Stranger of Paradise: Final Fantasy Origin | Mini-review | The study of the Otaku

The Final Fantasy series has been Square Enix’ (formerly Square) flagship RPG franchise since the game first hit store shelves on the Nintendo Entertainment System in 1987. Many of these chapters have served as the standard for RPG gaming in their respective generations. Even their spin-off games, like Final Fantasy Tactics, Final Fantasy Crystal Chronicleseven World of Final Fantasy, have met the high expectations placed on them. Now, in 2022, we have the latest side game in the series, Stranger of Paradise: Final Fantasy Origina (currently) one-off game that brings us back to the world of Final Fantasy II on the occasion of the 35th anniversary of the series. What’s unique about this is that Square Enix was not at the helm of development, but rather Koei Tecmo’s Team Ninja studio, the team behind franchises including NiohDead or alive and perhaps most strikingly, Ninja Gaiden† While it’s nice to see a shift from Omega Force brought to make a hack’n’slash spin-off game, though Final Fantasy Warriors wouldn’t be a bad thing, how’s this Ninja Gaiden x Final Fantasy style game going? Read on to find out.

After the Final Fantasy series did not continue to compete for minimum system resources and did not have to compromise its vision of hardware limitations, it has consistently set itself high standards for world building and character development. Unfortunately, I ran into my own roadblock here to play the game. There is some meaty content in the story, especially in the second half of the game. To get to those gems, however, you have to trudge through a storyline that starts out dry, complicated, poorly paced, has unmemorable characters, and has almost no exciting character development. As someone who loves video games for their narrative components, it created a barrier that often forced me to put the game down to move on to another game I had more invested in. If you can work your way through the initially unremarkable story, fans of Final Fantasy II will probably see that the adventure is worth the wait. Still, those looking for a substantial story will get more out of the mainline Final Fantasy RPGs.

A sensible development approach from Team Ninja and Square Enix was for them to organize three public testing periods immediately from the moment the game was announced. The changes between versions were notable, and it’s clear that the team used community feedback in influencing the final build, at least in terms of gameplay. Stranger of Paradise: Final Fantasy Origin has a good balance between the hack’n’slash gameplay elements that Team NINJA does best, and critical elements that are synonymous with the early Final Fantasy games. Final Fantasy-style dungeon design, a robust task system with 28 classes to use – each handled differently, and some satisfying yet challenging combat that will keep you on your toes are some of the elements that harmonize with the action-RPG combat style of the game . The components weren’t just put in to add, but appropriately modified and integrated to feel like they really belong in the combat system style. The combat flows well and the experience is only hampered by an overwhelming UI that tries to show too much at once, and that despite the small playable cast they were unable to tweak the game so you can’t play more than three characters at once. the field.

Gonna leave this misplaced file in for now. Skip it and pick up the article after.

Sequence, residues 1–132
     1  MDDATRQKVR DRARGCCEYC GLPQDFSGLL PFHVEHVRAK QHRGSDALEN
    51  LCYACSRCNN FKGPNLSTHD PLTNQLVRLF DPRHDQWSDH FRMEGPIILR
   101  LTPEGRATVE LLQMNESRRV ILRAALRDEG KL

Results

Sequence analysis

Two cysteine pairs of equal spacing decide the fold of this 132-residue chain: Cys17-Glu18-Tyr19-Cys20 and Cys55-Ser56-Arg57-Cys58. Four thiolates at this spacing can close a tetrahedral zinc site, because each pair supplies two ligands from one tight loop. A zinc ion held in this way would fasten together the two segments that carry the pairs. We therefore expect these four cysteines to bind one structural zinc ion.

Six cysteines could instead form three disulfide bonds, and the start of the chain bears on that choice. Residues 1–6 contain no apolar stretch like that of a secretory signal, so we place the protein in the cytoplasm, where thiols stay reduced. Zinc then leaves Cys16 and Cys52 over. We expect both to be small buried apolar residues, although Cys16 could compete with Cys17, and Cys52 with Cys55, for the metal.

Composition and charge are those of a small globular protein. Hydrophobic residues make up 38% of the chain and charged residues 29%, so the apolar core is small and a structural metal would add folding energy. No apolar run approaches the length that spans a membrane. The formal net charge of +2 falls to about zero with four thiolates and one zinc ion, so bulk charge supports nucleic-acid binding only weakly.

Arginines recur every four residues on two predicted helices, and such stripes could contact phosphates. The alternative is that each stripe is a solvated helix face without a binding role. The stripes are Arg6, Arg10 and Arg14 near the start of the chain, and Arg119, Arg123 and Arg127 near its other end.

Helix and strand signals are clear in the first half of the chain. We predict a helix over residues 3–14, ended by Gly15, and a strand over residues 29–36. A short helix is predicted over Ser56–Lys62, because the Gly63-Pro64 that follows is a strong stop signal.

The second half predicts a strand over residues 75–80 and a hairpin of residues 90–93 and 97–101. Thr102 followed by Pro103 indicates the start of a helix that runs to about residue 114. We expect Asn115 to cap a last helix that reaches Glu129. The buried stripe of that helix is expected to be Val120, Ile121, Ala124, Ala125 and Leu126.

Players are treated to a mixed bag when it comes to the audiovisual quality of Strangers of Paradise: Final Fantasy Origin† What really lets the game down is the visual quality. There are elements that I love, from great pre-rendered cutscenes and the inclusion of different graphics modes available on the PS5 version I reviewed, to the fact that all the equipment had unique designs that showed up visually on characters. Because of the complicated UI, slightly grainy aesthetic, and lighting that gave everything a glossy effect, everything had a bit of a cluttered feel to it. With fantastic music and a competent English voice cast for primary and secondary characters, the audio side of things was a lot better – with great background music and a great choice of Frank Sinatra’s My Way as a licensed track.

Especially for those who have nostalgia and love for Final Fantasy IIthere is a lot to enjoy Strangers of Paradise: Final Fantasy Origin if you can tolerate the initially slow pace of the story and some graphical issues, especially when you get to the final chapters of the game. If you don’t, you may end up like me, wanting to make progress, but encountering mental barriers that stand in the way of your progress. But once the foundation is laid, it’s still a fun game to play through with lots of Team Ninja innovations to make this a “Team Ninja game”. BUT with Final Fantasy”. I also believe that if you took the main elements of the story and put it in a concise, long CGI movie, it would be an excellent addition to the Final Fantasy universe.

Stranger of Paradise: Final Fantasy Origin is available now for purchase on PC, PlayStation 4, PlayStation 5, Xbox One, and Xbox Series X|S, both physically (select platforms) and digitally (all platforms).

A PlayStation 5 review code has been provided for this review.

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